What To Do In Keelung – The 5 Coolest Things To Do

Keelung Taiwan – A Seafood Paradise Just North of Taipei

Many are inclined to think that Taiwan’s gift to the world is really just night markets, bubble tea, and fried chicken, and whilst we’re not disputing that these three are anything short of amazing, there’s so much more to this tiny island engulfed between China and Japan.

Having an extensive coastline around the entire country means that seafood is always fresh and abundance here, and nowhere is it more true than Keelung, the undisputed seafood mecca of Taiwan.

Keelung Taiwan – A Seafood Paradise Just North of Taipei

Keelung is a small fishing village just north of Taipei City, and is accessible via just one train ride. It’s charming, easy to navigate through, and offers a unique food experience, and thus is almost always included as a day-trip for all those visiting Taipei.

Of course, you can also stay in the town itself to really soak in the daily fresh seafood hauls, harbourside views, and limitless market stalls in all its glory.  

How To Get To Keelung?

Keelung Taiwan Taipei Bus

Getting from Taipei City to Keelung is easy, thanks to the regular and reliable transport system in Taiwan. You can easily catch a bus from Taipei City Hall Bus Station to Keelung Station, and it will cost you roughly $47-62 TWD ($2 USD)and take between 40-50 minutes. 

Getting around Keelung is also incredibly easy as the city is not quite as large and dispersed as other cities, and thus if you wear nice, comfortable walking shoes, you should be able to walk to many of the attractions without too much trouble (and of course, with the help of Google Map!). Otherwise, buses will be your best friend. If you don’t want to visit the city alone, you can also book this walking tour to get insider tips.

Where To Stay In Keelung?

Good Sleep B&B

Keelung Taiwan Guesthouse – Good Sleep B&B

Whilst not located directly in Keelung itself, this affordable accommodation is instead in Jiufen, a probable stop for you along the way to Keelung from Taipei City. It’s only 30-minutes away by taxi, or 60-minute away by bus. There is free Wi-Fi throughout the accommodation, and a great breakfast spread is included in the room price.

There’s also public parking nearby, which is great for those exploring Taiwan by rental car. Each room features a sofa, TV, and small fridge, with a private bathroom.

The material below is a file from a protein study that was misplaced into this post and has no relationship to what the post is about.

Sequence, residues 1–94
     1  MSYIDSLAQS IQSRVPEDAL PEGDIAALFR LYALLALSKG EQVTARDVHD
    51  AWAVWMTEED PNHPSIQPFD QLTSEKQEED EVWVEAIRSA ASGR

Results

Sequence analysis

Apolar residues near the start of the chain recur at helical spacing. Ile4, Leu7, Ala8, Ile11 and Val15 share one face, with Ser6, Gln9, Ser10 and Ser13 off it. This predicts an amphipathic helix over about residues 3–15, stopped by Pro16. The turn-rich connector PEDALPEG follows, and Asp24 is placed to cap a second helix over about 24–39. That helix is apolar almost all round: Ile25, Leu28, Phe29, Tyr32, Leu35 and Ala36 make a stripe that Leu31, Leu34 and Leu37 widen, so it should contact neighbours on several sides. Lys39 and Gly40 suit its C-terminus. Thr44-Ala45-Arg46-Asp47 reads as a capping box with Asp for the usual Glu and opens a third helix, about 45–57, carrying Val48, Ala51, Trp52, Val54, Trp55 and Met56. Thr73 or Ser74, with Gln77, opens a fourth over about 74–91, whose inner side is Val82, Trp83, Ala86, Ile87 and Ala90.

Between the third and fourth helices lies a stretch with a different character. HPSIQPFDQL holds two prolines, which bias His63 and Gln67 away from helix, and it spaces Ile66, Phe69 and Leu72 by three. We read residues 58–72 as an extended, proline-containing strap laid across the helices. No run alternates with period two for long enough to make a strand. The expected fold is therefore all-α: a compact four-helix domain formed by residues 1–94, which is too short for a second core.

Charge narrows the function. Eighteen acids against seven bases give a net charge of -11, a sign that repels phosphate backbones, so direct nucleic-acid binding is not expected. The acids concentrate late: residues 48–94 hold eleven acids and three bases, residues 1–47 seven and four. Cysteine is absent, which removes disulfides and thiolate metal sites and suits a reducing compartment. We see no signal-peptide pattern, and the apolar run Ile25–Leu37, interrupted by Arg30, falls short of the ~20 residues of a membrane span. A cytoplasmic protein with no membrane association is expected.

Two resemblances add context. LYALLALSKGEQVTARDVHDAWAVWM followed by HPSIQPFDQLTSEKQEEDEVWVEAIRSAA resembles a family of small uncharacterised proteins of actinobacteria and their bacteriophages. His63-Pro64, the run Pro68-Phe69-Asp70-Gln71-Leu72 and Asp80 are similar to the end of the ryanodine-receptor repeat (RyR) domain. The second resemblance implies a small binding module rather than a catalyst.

Keelung Taiwan Guesthouse – Good Sleep B&B

Why Guest Love It: “The uncle is friendly. Huge room for 4 people. Cozy and easy access to everywhere around that area”, “Very convenient location near Ruifang Railway Station, allows you to explore the Pingxi line and the Gold Fulong Shuttle Bus route easily. Room is spacious and beds are comfortable. Host is very friendly and helpful. He even drove us to and from Keelung Miaokou Night Market for a very reasonable cost”. 

Book It Now: Good Sleep B&B

Evergreen Laurel Hotel (Keelung)

Keelung Taiwan Hotel – Evergreen Laurel Hotel (Keelung)

The Evergreen Lauren Hotel is one of the most highly rated hotels in Keelung. It sits right next to the Keelung Harbour, boasting some incredible views. For those after the luxe experience, there is an indoor heated pool, sauna facilities, and an on-site restaurant. Free Wi-Fi is provided throughout the hotel, and free parking is also available for those with a rental car. Take advantage of the luggage service, 24-hour front desk, and shuttle service offered by the hotel. 

Keelung Taiwan Hotel – Evergreen Laurel Hotel (Keelung)

Why Guests Love It: “Harbour view, good facilities, good services, and good breakfast”, “Excellent hotel, City Centre Keelung, very close to night market and restaurants, fantastic breakfast”, “Great staff, big room, excellent breakfast, spectacular views!”, “I enjoyed the swimming pool, hot spring, and gym facilities”. 

Book It Now: Evergreen Lauren Hotel (Keelung)

What To Eat In Keelung?

Oyster Omelette 

Keelung Taiwan - Oyster Omelette 

Even if you’re not a fan of oyster, this Taiwanese favourite is a must try. Fresh oyster is added to a fluffy egg omelette mix, making a tasty snack that is neither too filling nor too expensive. It’s sold all over Taiwan, but Keelung, with its daily fresh seafood haul, makes the best ones. We recommend trying the ones from the stalls on the left side near the entrance. 

Thick Crab Soup and Glutinous Rice 

Keelung Taiwan - Thick Crab Soup and Glutinous Rice 

This is a body-warmer, especially in the cooler months. You will see certain stalls displaying an enormous pot of thick, brown soup filled with mushroom, egg, and small crab pieces. Know that this is so delicious, you’re going to want one serving to yourself. Team it up with its famous counterpart, a small bowl of sticky rice, and you’ve got yourself a real Keelung-specialty.